To send content items to your account,
please confirm that you agree to abide by our usage policies.
If this is the first time you use this feature, you will be asked to authorise Cambridge Core to connect with your account.
Find out more about sending content to .
To send content items to your Kindle, first ensure email@example.com
is added to your Approved Personal Document E-mail List under your Personal Document Settings
on the Manage Your Content and Devices page of your Amazon account. Then enter the ‘name’ part
of your Kindle email address below.
Find out more about sending to your Kindle.
Note you can select to send to either the @free.kindle.com or @kindle.com variations.
‘@free.kindle.com’ emails are free but can only be sent to your device when it is connected to wi-fi.
‘@kindle.com’ emails can be delivered even when you are not connected to wi-fi, but note that service fees apply.
The objective of the present study was to investigate associations between sugar intake and overweight using dietary biomarkers in the Norfolk cohort of the European Prospective Investigation into Cancer and Nutrition (EPIC-Norfolk).
Prospective cohort study.
EPIC-Norfolk in the UK, recruitment between 1993 and 1997.
Men and women (n 1734) aged 39–77 years. Sucrose intake was assessed using 7 d diet diaries. Baseline spot urine samples were analysed for sucrose by GC-MS. Sucrose concentration adjusted by specific gravity was used as a biomarker for intake. Regression analyses were used to investigate associations between sucrose intake and risk of BMI>25·0 kg/m2 after three years of follow-up.
After three years of follow-up, mean BMI was 26·8 kg/m2. Self-reported sucrose intake was significantly positively associated with the biomarker. Associations between the biomarker and BMI were positive (β=0·25; 95 % CI 0·08, 0·43), while they were inverse when using self-reported dietary data (β=−1·40; 95 % CI −1·81, −0·99). The age- and sex-adjusted OR for BMI>25·0 kg/m2 in participants in the fifth v. first quintile was 1·54 (95 % CI 1·12, 2·12; Ptrend=0·003) when using biomarker and 0·56 (95 % CI 0·40, 0·77; Ptrend<0·001) with self-reported dietary data.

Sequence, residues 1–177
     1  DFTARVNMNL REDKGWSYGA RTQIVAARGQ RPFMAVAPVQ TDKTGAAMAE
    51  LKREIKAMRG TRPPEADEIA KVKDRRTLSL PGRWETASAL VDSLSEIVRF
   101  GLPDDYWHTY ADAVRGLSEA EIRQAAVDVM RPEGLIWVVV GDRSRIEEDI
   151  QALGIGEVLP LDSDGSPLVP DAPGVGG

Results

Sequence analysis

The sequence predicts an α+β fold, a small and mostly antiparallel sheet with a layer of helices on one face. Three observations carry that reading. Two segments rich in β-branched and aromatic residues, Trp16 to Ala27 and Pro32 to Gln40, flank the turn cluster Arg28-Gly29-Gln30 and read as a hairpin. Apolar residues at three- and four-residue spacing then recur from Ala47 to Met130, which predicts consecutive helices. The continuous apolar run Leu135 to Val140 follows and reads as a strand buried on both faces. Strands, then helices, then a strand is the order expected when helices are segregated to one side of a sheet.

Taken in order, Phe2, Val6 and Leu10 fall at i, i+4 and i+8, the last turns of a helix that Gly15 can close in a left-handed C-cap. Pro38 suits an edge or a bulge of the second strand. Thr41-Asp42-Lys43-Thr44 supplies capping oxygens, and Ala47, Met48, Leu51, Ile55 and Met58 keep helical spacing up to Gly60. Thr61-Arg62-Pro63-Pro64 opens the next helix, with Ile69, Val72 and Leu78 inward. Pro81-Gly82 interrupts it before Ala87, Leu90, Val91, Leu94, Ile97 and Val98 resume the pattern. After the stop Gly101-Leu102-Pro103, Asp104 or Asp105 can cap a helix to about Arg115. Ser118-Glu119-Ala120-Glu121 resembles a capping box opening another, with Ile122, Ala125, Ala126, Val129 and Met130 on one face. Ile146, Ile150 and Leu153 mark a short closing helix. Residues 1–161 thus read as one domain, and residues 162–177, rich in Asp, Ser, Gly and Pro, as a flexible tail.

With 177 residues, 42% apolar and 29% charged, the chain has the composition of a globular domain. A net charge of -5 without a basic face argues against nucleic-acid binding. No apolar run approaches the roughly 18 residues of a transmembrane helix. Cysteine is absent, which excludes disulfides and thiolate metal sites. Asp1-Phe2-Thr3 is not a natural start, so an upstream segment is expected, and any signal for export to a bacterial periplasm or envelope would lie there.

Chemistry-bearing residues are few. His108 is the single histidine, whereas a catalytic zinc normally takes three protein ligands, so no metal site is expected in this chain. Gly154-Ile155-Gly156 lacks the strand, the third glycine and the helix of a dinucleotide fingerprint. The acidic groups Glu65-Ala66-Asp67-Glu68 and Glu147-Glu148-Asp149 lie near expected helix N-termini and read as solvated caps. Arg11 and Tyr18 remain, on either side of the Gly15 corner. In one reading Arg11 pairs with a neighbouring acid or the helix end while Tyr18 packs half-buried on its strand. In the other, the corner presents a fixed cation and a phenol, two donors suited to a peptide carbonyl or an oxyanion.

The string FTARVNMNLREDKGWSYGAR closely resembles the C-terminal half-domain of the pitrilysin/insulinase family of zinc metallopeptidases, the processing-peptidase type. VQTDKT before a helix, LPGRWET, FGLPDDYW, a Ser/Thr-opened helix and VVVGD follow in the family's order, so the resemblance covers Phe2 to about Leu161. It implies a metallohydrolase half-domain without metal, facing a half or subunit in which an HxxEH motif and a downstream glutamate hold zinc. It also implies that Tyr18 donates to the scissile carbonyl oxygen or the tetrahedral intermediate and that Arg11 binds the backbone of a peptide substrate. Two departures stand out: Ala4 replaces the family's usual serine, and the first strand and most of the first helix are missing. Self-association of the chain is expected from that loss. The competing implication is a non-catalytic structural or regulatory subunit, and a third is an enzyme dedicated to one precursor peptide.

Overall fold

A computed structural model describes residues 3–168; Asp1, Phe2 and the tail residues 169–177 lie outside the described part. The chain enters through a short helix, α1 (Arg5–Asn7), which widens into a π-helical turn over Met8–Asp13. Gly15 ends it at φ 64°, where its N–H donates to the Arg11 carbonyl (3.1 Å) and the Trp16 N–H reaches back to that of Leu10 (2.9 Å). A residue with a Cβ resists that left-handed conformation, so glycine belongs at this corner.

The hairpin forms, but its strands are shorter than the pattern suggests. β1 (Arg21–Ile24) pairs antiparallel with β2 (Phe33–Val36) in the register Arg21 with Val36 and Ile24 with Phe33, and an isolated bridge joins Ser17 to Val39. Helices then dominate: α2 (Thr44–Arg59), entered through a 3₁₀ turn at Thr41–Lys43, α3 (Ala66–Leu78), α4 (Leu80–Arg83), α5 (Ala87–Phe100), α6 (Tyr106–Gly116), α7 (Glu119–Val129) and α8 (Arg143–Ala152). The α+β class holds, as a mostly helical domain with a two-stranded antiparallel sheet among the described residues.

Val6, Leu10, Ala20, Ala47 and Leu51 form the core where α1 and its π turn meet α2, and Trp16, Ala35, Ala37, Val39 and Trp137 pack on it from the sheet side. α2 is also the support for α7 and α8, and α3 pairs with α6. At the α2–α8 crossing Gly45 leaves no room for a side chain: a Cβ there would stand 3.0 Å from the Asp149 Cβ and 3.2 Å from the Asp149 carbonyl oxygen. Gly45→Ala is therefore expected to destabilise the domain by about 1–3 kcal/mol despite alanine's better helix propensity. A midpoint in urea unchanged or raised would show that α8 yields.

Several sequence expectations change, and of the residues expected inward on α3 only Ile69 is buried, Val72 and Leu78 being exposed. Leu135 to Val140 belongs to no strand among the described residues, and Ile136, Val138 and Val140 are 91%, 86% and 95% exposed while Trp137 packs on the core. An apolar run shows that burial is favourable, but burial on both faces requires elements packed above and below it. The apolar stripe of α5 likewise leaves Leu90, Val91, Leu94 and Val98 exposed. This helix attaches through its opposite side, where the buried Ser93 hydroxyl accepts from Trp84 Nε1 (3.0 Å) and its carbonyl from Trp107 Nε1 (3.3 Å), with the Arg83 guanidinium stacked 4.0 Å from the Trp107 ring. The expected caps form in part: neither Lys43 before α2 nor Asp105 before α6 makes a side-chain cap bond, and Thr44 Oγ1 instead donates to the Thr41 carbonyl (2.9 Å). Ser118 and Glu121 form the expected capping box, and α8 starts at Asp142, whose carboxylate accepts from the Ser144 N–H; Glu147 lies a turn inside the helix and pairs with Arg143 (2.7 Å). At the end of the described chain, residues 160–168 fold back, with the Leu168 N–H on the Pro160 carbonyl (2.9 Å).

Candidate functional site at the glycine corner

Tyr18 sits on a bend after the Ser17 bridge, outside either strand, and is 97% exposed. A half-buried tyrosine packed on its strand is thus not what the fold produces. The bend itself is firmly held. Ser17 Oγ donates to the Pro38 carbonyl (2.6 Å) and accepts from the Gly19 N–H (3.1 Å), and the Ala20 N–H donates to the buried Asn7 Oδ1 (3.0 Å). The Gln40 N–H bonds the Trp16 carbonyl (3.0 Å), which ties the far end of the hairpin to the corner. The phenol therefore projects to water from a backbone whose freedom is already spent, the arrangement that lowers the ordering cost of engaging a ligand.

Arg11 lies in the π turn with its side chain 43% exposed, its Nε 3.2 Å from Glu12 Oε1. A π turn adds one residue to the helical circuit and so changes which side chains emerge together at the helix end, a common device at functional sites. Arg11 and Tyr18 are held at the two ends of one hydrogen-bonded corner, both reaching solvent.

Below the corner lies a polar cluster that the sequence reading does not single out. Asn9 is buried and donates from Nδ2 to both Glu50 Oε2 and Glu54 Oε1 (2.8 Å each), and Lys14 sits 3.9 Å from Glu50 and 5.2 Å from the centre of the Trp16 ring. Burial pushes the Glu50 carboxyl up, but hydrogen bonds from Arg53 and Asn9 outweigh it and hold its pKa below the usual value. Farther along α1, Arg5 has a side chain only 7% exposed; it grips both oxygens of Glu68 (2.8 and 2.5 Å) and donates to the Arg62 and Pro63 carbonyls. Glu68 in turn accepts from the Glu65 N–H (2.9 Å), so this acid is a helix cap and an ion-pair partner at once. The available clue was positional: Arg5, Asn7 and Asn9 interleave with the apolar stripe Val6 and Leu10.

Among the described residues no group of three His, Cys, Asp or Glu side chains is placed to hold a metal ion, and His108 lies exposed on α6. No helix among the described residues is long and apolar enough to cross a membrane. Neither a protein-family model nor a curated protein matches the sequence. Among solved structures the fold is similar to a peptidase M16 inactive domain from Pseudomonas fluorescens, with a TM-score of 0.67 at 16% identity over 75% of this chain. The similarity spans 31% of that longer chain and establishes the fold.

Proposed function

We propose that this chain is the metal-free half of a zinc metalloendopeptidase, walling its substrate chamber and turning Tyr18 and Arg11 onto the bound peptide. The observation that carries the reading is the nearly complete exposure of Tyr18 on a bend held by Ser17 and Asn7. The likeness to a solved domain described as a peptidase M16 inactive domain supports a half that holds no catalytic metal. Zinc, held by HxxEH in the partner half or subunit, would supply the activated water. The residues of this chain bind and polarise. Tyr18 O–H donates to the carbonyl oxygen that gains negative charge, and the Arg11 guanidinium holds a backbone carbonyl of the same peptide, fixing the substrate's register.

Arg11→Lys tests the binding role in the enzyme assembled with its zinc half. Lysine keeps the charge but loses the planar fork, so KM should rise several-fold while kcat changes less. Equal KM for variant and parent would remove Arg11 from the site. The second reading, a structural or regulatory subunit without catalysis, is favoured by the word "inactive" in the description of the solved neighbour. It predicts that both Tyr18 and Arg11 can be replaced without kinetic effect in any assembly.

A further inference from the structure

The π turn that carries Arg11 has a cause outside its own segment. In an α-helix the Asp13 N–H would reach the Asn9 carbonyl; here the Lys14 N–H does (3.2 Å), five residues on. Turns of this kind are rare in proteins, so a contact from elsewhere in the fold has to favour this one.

Our results suggest that sucrose measured by objective biomarker but not self-reported sucrose intake is positively associated with BMI. Future studies should consider the use of objective biomarkers of sucrose intake.
Dietary supplements are commonly consumed but may not be beneficial for everyone. It is known that supplement users have healthy behaviour characteristics but until now concordance between spouses living in the same household has not been investigated and concordance may be an important behavioural determinant.
Prospective cohort study, cross-sectional data analysis.
European Prospective Investigation into Cancer in Norfolk (EPIC-Norfolk) in the UK, recruitment between 1993 and 1998.
Married (or living as married) participants sharing a household, who attended a health examination and completed a 7 d diet diary were included in the analysis (n 11 060). The age range was 39–79 years.
Nearly 75 % of the households in EPIC-Norfolk were concordant in their supplement use, with 46·7 % not using supplements and 27·0 % using supplements. Concordance increased with age; the percentage of concordant couples varied less by other sociodemographic characteristics. Participants who had a spouse who used a supplement were nearly nine times more likely to use a supplement (unadjusted). Depending on participants’ sex and type of supplement used, odds ratios for ‘supplement use by spouse’ in the prediction of participants’ supplement use varied between 6·2 and 11·7 adjusted for participants’ age, smoking status, BMI, social class, education level and physical activity.